A man living on the top floor of his building passes by his struggling neighbors after a long day on the job. You have to find a balance between helping others and still having enough time to sleep so you can preform well at your job for seven days. Interacting with NPC's allows you to get to know them and find out what troubles they are facing. An NPC that is unhappy is colored grey or with muted tones, and the more you help them, the brighter and more colorful they and their environment becomes. Helping them correctly (not just doing random acts of kindness or ignoring them) will bring you to a unique mini game for each player. You have to find the cat lady's pet: Mr. Snugglesworth, inspire the artist with poetry so she can paint again, teach the college student with no time how to cook something other than cup noodles, and help the hoarder organize his things. By continually interacting with them everyday, eventually they emerge from their depression and their life improves.
How does this game fit the theme?
This fits the theme because you can't just find an item or do a task, you have to continually interact with them in complex dialogue and minigames. This becomes self-deflating because you don't have time to help everyone, and your mental state and job might suffer if you try to do everything. Kindness often involves self sacrifice, so the player must chose how much he helps others versus himself. We saw that random acts of kindness didn't work very well to actually show true kindness, so we still allowed them in the game but it doesn't positively effect a neighbor as much as explaining why the activity you're doing with them is important. You can also just be friendly or give advice, which brightens their day without taking up as much as your time. We also used colors and happiness as a reward system instead of points or gifts, so the player has to consider a human element to the game instead of just mindlessly talking to npc's to earn enough points to win. We avoided easy choices by writing dialogue with more than the choices of help or not help; giving advice and having pleasant conversations still gives a little happiness, even if you don't chose to fully help them.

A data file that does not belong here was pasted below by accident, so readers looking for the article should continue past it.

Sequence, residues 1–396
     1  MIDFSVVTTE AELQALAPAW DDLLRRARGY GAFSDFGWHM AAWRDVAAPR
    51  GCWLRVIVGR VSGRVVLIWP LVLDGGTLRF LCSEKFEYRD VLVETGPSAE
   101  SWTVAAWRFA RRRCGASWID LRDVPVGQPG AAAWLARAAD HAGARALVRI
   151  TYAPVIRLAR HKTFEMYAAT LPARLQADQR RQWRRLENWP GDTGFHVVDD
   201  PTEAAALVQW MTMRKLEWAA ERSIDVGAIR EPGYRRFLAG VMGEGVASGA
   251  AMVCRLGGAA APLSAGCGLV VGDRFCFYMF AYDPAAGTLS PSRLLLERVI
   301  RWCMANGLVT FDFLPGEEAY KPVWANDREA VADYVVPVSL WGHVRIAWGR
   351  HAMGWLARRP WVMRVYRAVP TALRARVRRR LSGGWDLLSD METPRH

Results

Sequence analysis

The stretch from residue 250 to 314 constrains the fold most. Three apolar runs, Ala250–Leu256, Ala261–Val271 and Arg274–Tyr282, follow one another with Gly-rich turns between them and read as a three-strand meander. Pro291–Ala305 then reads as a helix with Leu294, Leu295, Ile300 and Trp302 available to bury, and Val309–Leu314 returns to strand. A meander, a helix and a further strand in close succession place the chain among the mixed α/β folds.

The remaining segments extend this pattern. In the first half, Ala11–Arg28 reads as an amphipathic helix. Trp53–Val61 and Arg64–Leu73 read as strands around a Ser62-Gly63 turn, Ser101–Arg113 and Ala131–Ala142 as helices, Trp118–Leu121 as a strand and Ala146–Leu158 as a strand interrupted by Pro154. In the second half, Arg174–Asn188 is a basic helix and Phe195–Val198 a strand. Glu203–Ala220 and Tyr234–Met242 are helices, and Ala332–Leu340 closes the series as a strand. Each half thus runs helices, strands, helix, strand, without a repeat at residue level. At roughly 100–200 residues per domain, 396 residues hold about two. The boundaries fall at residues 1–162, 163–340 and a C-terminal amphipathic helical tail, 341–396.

- Amanda DelloStritto: Art
- Nicholas Jones: Code
- Jeb Atkinson: Code
- Tadeo Menichelli: Design
- Varun Mhatre: Code
- Lesther Reynoso: Code